Blog posts with a category of Depression.
By Eli Zaret, New Oakland Guest Blogger
I was golfing with a friend the other day who suddenly had to leave after 9 holes. When I asked why, he told me a horrific tale. A good friend in his early 50’s had taken his own life a few weeks ago, leaving a wife and 4 children behind. It was utterly baffling to all involved. People who don’t suffer from mental illness, or have a loved one who does, can’t comprehend stories like this. Even more bizarrely, there had been no suspicions of depression, as the victim had managed to shield his inner torment. My friend had to leave the golf course because the suicide victim’s wife was doing quite poorly and desperately needed comfort.
A significant part of New Oakland’s mission is to help families understand the warning signs that can prevent the majority of suicides from taking place. There is no disputing that between 2-15% of people diagnosed with depression, bi-polar disorder or schizophrenia commit suicide, but the ratio drops dramatically when friends and family learn the warning signs that lead people to end their lives, and then get them help.
Here’s a list of the most common warning signs of an impending suicide:
- Expressions of hopelessness or helplessness
- An overwhelming sense of shame or guilt
- A dramatic change in personality or appearance, or irrational or bizarre behavior
- Changed eating or sleeping habits
- A severe drop in school or work performance
- A lack of interest in the future
- Written or spoken notice of intention to commit suicide
- Giving away possessions and putting their affairs in order
As we watched All Star game starting pitcher Max Scherzer of the Tigers this week, we were reminded that his brother Alex took his life last summer. Alex’s depression had been treated for years, but was still too much to overcome despite his and his family’s vigilance. Same so for popular evangelical Pastor Rick Warren who lost his 27-year-old son Matthew to suicide in April after years of struggling with mental illness and deep depression. Continue reading
As a child and adolescent center, we’re all too aware of the tragedies that are occurring in our schools. Our many therapists, social workers and doctors deal with the backlash every day. Here’s the reality students face:
- If you don’t finish in the top 15% of your class you won’t get into a good college
- If you don’t go to a good college, you’re chances of getting a good job are greatly diminished
- If you don’t get a good job, statistics say you are likely to struggle financially your whole life
Should we wonder why kids of all intelligence levels continually break down from pressure? Should we wonder why they bully each other and attempt suicide in record numbers?
Our educational system is under fire and for good reasons. We drill them with facts and we eliminate the extracurricular activities and the more fun, free-wheeling elective courses because of budget restraints. And since we get our funding based on test scores, we turn learning into a high stakes game of posting a good number or a good grade.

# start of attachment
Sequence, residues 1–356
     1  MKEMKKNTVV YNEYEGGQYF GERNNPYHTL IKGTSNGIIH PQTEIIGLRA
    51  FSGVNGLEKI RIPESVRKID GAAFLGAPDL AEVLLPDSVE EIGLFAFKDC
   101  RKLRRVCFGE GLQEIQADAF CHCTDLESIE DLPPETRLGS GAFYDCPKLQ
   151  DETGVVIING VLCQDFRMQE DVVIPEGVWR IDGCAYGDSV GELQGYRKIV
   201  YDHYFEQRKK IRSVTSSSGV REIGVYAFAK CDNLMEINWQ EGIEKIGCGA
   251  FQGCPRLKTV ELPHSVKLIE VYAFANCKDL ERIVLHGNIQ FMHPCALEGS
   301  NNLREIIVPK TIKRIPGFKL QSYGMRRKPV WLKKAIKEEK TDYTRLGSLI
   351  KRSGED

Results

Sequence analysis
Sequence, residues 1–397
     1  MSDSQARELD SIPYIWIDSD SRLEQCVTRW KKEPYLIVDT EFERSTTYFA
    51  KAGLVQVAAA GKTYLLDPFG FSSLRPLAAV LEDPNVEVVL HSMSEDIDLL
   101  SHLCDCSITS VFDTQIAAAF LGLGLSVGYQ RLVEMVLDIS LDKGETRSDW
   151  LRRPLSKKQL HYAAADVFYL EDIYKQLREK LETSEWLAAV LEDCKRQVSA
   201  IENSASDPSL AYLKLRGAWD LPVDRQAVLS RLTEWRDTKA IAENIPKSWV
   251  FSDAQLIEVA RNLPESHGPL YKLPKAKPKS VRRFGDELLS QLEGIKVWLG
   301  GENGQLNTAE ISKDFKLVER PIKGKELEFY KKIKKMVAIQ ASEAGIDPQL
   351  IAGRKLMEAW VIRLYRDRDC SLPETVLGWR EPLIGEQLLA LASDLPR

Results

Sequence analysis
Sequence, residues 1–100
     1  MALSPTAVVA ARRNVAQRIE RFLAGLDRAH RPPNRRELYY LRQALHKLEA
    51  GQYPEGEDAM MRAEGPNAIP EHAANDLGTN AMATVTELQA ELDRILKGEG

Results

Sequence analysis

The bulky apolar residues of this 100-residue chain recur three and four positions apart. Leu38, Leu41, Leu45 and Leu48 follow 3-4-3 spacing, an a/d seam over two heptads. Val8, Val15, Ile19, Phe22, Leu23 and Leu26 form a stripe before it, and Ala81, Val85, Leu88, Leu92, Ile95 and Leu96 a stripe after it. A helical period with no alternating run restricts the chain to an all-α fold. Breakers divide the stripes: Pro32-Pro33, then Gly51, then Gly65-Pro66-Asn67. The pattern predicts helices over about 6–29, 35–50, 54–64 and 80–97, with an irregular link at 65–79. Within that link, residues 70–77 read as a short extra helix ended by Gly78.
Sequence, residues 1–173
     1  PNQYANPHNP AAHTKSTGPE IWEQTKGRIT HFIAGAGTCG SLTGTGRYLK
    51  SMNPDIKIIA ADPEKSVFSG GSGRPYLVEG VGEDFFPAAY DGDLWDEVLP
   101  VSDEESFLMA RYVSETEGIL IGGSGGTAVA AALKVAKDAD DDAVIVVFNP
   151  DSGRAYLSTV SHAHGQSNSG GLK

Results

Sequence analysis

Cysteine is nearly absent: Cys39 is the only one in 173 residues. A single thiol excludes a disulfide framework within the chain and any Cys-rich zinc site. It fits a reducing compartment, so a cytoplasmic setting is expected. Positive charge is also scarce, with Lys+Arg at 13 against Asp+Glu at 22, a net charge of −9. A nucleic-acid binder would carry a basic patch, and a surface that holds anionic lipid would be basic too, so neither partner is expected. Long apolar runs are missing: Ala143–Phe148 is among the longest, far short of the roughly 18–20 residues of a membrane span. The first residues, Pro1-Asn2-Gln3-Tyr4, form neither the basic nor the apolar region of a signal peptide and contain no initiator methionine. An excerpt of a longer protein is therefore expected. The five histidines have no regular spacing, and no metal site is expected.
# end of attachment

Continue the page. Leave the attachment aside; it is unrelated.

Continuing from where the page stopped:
One student in a recent survey said, “They don’t teach us to love to learn. They teach us we have to pass all classes with a high grade or we will fail in life.” Continue reading
Blog by Lisa Kaliniski, New Oakland Therapist
The tremendous improvements in medications used to treat depression and other types of mental illness have come via the “biological” approach. The other type of treatment is the “psychological” approach, or what we call “talk therapy.” Now, Cornell University clinical psychoanalyst Larry
Sandberg, co-author of “Psychotherapy and Medication: The Challenge of Integration,” tells us that treatment should not be an either-or method. That type of thinking, he says, “Obscures the fact that talk therapy affects the brain and is no less biological than pills.
“Numerous findings over the last two decades,” notes Sandberg in a letter to the New York Times, “demonstrate how talk therapy alters the brain. Disabling conditions like clinical depression and anxiety can be treated effectively by understanding distorted thought patterns, becoming aware of emotional conflicts that have not been conscious, or practicing new behaviors. Talk therapy is a potent treatment for serious mental disorders and not simply for the ‘worried well,’ as it is sometimes characterized.
At New Oakland, we understand that the effects of medication can disappear when the patient stops taking it, but the benefits of talk therapy can endure because, as Nobel laureate Eric Kandel points out, “Significant changes take place not only in the mind but in the brain, too. Learning,” he says, “affects the brain by forming new connections.”
It’s easy to reflect on the disparaging images pop culture has put on talk therapy. I picture Tom Cruise jumping on Oprah’s couch railing about Scientology’s rejection of psychiatry. I picture Woody Allen’s hilarious routines about his many neuroses and the failure of his therapist to solve them, and I cringe to think that Tony Soprano had to hide from his pals the humiliation of needing talk therapy at all.
Sandberg says, “These cultural trends devalue psychotherapy and the listening healer,” and that’s unfortunate. In many cases, medication is vital in easing the symptoms of mental illness as a prerequisite for effective, life-altering talk therapy. Many patients have had trouble sleeping or feel as if life has steamrolled them into a state of despair, and medication is necessary to set the stage for talk therapy to be effective. Continue reading